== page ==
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Dollar is Dead! Move Ahead

Hari Anil
Thursday, September 8, 2011
Hari Anil
‘The feast in the neighbor’s house is good, but it will not last forever.’ This applies to the global economies and companies who relied way too much on the U.S. dollar and got their fingers burnt. But now, most economies having realized this mistake are coming back to the reality and are in search for new markets and new business scopes.

In the last decade and a half, the dollar was on a rise. We have seen the exchange rate rising from Rs. 31 in the January of 1995 and peaking around Rs. 51 in March 2009. But from the looks of it we can see the scenario is changing, the fire seems to be on the verge of going off and dollar is not that hot any more. So, is dollar losing its charm? Is it dying?

The U.S. as a whole is struggling in every aspects of the economy. The debt is mounting sky high, the job market remains low, growth rate is low, and while the government has about $74 billion in its reserve, it has over $14.6 trillion in debt. Hence, it comes as no surprise that it lost its ‘AAA’ status for the first time in its history. The U.S. Government has tried to fix the mess they created in their and the global economy by deploying an age old model that failed over and over again. They decreased the interest rates; which should increase the money supply which in turn should help the government to increase deficit spending and to redistribute more wealth to where it is needed, well in theory at least. In the real world this never is that simple. Once this cycle starts it will just create another bubble which will burst sooner or later and the situation will go back to worse than before. This is exactly what is happening even as you read this. There are just too many things that points that the future might not be that pleasant for the U.S. and its dollar.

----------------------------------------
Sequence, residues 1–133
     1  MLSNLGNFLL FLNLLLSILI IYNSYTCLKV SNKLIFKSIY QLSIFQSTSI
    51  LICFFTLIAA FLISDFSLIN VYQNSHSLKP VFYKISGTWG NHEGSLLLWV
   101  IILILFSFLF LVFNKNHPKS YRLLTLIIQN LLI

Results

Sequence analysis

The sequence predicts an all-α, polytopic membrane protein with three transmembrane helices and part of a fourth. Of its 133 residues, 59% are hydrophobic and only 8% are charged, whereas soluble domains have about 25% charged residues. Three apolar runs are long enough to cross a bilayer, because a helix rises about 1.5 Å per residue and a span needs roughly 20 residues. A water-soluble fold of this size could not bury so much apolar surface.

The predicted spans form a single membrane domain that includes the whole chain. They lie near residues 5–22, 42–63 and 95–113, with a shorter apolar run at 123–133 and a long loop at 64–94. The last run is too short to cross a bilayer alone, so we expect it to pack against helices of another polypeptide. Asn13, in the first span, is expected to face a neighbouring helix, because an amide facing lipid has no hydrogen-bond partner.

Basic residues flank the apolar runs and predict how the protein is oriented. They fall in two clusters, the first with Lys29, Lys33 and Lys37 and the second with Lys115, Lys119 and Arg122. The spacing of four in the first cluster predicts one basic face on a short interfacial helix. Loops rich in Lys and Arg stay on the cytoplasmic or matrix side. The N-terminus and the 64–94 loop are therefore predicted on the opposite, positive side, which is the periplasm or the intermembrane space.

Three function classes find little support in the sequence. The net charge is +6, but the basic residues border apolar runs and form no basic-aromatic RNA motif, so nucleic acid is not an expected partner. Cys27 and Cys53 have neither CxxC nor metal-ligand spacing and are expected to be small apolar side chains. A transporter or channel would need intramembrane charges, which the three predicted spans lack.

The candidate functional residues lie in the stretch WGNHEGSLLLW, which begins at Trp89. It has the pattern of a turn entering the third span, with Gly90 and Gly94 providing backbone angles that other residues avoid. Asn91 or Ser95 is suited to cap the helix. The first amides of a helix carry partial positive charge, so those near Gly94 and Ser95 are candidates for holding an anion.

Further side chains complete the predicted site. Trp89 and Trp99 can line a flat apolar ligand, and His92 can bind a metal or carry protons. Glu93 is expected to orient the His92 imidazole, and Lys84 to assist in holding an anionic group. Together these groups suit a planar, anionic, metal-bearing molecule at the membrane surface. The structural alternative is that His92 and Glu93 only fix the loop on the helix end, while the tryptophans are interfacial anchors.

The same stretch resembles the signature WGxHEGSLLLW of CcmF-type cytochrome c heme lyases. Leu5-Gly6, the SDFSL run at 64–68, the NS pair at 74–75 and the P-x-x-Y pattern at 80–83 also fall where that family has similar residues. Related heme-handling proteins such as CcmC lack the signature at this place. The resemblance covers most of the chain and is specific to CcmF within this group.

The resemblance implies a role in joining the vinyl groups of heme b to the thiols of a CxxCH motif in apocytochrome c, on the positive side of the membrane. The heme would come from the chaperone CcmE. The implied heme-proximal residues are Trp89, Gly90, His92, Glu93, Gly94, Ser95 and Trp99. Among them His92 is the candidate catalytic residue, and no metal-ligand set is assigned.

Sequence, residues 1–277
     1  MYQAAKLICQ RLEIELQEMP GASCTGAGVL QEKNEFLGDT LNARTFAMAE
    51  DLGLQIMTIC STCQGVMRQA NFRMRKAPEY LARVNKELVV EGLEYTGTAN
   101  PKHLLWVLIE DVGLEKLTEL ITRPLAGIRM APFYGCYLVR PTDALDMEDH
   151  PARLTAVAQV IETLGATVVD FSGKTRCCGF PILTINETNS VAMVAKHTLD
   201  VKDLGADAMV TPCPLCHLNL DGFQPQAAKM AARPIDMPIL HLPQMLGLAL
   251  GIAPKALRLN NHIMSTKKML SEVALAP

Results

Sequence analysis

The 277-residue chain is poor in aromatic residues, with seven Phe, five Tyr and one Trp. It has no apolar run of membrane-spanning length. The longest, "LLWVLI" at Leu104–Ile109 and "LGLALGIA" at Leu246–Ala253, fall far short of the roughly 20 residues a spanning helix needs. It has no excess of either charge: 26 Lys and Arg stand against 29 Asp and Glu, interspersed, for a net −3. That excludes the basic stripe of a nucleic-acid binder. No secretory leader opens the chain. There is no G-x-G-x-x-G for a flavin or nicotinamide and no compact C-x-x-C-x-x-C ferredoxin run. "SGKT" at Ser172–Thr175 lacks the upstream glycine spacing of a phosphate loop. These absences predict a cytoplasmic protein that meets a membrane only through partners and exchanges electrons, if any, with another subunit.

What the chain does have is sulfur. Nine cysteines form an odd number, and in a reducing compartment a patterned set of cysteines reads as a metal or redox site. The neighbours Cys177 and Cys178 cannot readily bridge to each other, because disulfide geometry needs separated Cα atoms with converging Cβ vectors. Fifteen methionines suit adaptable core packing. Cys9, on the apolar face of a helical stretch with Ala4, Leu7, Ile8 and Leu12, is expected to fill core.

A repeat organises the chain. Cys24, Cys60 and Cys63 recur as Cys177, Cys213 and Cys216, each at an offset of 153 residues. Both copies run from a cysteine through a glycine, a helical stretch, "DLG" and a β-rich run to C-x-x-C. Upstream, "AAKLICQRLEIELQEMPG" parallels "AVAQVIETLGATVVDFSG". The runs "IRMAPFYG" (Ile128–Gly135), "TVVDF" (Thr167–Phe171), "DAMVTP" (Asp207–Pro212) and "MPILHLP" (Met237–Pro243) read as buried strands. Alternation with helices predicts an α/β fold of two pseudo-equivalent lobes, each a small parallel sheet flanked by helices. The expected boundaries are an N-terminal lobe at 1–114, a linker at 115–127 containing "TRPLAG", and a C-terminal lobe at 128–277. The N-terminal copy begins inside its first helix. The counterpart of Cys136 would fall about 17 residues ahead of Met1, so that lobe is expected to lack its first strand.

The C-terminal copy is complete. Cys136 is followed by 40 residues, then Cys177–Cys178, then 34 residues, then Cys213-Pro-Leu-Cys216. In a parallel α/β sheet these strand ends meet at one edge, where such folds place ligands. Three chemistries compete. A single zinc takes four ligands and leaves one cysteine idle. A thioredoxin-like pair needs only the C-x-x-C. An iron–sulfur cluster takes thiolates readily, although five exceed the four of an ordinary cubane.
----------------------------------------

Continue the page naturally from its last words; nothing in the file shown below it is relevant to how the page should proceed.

Dollar is no longer Fool Proof Investment

The U.S. government kept on increasing the debt ceiling and the debt kept piling up like and came to a situation where no one, including banks, has a dime to spare. Then the government tried to fix this through quantitative easing, which did not work as they expected it to. Further, the spending on economic recovery is putting additional burden on the government and is increasing its federal deficit. Countries like China, Japan, UK and some rich Middle-Eastern countries are unhappy about this situation as they have huge investments in dollars. As of now the U.S. government owes about $4.5 trillion to foreign countries. But in a short term there is nothing much the foreign countries can do to counter this and protect their investment; the dollar is losing value and they are losing money but they cannot withdraw their money as a whole. The countries can withdraw only a part of their investment at one time after which the remaining is going to get downgraded even further. So, this is not a very financially viable solution. But this technicality does not seem to be stopping China. China has U.S. Treasury Bonds worth $1152.5 billion. The country has started to pull out their resources from dollars and invest it in other hard resources like oil fields and mineral deposits in Africa, Australia and Latin America. It might just be a matter of time before other countries start following their pattern.

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